Lastly, the railed dust cover is a nice touch, and best of all, it’s a hinged design that’s very rigid. I have no doubts it will hold zero with your red dot of choice. The beefy scope rail is a nice touch for the modern red dot world we live in.
There is an added pic rail, but it is placed a good deal down the road, just in front of the fore grip. Mounting a light would require a long reach or a taped pressure switch.
Most of the downsides are related to our ridiculous import laws. The first is you only get 5-round magazines., but they are VEPR compatible. I’m not a big AK shotgun expert, but I do know VEPR magazines are robust, and are available in various capacities (including a 25-round drum). The second downside is the silly thumbhole stock. It’s lame, but it’s still comfortable and ergonomic. The LOP is 14 inches, which some may find a little on the long side.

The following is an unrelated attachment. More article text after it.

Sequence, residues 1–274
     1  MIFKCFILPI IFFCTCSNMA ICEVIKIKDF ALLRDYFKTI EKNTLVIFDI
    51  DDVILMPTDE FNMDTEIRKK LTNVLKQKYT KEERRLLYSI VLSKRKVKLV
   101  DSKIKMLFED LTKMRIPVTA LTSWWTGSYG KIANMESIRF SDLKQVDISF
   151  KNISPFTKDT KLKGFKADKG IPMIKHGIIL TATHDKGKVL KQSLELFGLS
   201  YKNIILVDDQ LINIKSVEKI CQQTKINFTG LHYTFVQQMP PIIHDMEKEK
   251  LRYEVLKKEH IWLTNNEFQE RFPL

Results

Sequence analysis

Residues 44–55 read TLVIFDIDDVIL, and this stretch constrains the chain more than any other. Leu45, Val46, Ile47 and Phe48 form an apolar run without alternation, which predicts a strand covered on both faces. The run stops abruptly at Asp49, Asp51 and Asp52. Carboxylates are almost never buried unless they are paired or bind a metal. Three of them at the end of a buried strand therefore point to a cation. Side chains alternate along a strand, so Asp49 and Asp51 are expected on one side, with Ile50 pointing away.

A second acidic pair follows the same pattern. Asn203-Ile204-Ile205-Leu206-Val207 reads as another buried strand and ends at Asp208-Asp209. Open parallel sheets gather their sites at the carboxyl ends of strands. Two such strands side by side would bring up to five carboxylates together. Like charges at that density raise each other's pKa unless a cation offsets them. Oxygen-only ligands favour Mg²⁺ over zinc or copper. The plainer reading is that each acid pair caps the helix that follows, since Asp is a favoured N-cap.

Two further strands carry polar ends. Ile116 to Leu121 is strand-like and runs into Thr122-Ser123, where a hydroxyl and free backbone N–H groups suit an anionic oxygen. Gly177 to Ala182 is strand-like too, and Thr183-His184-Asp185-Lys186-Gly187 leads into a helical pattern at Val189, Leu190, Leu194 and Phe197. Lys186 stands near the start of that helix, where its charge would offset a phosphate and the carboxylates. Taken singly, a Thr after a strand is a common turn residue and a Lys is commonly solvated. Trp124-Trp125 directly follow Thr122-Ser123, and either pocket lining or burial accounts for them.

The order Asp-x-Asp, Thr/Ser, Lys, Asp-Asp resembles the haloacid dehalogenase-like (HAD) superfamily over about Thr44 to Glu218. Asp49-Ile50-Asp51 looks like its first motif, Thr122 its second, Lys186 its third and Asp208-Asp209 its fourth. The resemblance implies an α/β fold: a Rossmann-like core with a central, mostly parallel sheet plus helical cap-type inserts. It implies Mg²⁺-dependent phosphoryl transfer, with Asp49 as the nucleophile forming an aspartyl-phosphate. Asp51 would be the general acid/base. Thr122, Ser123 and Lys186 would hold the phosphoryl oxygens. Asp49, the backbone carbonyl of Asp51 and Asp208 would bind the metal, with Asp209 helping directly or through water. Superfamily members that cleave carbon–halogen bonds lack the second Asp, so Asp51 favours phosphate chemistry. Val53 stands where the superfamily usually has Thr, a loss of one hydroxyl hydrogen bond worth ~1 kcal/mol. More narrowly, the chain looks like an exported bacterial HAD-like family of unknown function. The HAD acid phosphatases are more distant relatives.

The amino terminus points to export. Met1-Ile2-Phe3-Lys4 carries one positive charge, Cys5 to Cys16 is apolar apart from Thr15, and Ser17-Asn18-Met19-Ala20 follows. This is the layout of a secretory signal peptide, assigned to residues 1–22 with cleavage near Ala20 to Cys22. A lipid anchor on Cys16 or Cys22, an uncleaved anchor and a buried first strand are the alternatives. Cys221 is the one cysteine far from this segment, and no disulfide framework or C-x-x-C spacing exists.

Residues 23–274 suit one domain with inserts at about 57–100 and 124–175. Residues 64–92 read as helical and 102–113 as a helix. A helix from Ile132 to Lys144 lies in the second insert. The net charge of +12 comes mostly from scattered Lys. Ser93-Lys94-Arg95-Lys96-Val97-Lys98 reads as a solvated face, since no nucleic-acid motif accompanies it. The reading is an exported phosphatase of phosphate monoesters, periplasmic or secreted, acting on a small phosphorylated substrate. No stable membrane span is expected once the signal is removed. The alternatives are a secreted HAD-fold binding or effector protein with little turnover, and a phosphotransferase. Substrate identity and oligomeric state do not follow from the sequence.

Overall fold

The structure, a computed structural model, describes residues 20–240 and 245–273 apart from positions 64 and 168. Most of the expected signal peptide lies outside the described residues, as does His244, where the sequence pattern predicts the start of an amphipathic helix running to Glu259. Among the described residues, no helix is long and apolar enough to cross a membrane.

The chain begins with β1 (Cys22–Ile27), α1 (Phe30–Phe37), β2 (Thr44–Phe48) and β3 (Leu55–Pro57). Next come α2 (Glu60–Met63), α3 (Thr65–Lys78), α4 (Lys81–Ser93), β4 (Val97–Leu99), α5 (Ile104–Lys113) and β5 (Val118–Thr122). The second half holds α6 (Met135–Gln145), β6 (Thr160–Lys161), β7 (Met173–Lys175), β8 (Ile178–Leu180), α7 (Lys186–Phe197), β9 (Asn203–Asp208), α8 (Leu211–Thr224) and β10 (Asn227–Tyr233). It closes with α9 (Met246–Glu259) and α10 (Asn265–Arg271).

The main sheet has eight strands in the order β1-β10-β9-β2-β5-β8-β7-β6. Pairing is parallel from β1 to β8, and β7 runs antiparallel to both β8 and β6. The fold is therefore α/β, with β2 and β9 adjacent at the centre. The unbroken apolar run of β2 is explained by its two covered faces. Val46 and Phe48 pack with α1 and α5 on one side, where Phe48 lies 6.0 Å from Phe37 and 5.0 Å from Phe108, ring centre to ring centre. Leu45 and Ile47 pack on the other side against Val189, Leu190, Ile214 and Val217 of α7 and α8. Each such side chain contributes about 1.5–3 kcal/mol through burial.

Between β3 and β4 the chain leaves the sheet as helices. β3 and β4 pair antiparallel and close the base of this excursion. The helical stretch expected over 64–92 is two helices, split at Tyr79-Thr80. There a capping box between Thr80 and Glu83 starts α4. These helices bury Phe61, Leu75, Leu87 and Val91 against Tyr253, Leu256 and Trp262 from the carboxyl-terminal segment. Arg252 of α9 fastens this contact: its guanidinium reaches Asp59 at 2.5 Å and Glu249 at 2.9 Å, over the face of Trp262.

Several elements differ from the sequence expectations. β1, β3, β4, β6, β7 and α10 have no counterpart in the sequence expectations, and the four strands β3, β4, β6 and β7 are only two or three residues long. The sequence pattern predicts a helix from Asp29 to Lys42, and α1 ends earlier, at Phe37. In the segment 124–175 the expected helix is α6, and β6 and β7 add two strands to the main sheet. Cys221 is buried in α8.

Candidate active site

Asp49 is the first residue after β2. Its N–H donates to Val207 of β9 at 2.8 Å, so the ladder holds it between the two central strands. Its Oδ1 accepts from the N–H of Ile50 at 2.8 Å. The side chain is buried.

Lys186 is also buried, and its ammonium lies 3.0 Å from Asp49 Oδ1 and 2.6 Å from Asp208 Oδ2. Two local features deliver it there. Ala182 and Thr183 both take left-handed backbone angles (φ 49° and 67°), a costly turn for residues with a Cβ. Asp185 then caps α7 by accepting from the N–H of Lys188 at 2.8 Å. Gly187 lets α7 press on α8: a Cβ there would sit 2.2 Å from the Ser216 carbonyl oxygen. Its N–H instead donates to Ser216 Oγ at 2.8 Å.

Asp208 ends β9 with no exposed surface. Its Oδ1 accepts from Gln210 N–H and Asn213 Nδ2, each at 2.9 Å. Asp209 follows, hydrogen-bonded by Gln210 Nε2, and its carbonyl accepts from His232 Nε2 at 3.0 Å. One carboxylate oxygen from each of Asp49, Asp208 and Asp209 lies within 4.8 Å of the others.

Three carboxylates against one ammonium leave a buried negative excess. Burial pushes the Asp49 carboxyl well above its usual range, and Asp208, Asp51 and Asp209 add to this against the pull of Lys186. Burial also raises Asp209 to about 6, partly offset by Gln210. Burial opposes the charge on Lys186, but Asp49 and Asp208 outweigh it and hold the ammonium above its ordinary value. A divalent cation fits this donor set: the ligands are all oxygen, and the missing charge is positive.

The bad news is the gun feels over-gassed. The good news is the gun is over-gassed. The good part of being over gassed is that the gun will eat everything you put through it. This includes cheap sporting loads, reduced recoil buckshot, and every crappy lead chunking load I have on hand. The gun doesn’t seem to mind. It really did eat every round I could pump through it.
Overgassing, though, isn’t great for a soft recoil impulse. The RSS1 recoil is better than a pump-action shotgun, but nowhere near as soft as my Benelli M4. Holy hell, there is some serious trigger slap to the gun. It gives you a good pop. I rarely wear gloves to shoot, but I made an exception here.
Patterning was okay with normal 00 Buck. The gun has a modified cylinder bore, so it didn’t work great with Flitecontrol. I found the sights to be set a little on the low side. Sadly I don’t have an AK sight adjustment tool, so I Kentucky windaged it. It’s a shotgun, so even when you miss a little, you don’t miss a lot.
AK sights on a shotgun feel like a bit much and make the gun handle more like a rifle than a shotgun. A red dot is a better option here and allows for fast, more reactive shooting than rifle sights. The Citadel RSS1’s irons are teeny tiny too, and shotguns work better with something more eye-catching.